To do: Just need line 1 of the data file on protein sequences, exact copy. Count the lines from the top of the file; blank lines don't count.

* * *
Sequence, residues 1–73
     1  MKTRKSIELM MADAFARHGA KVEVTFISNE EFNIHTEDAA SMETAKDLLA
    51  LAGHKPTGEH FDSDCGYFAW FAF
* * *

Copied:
Sequence, residues 1–73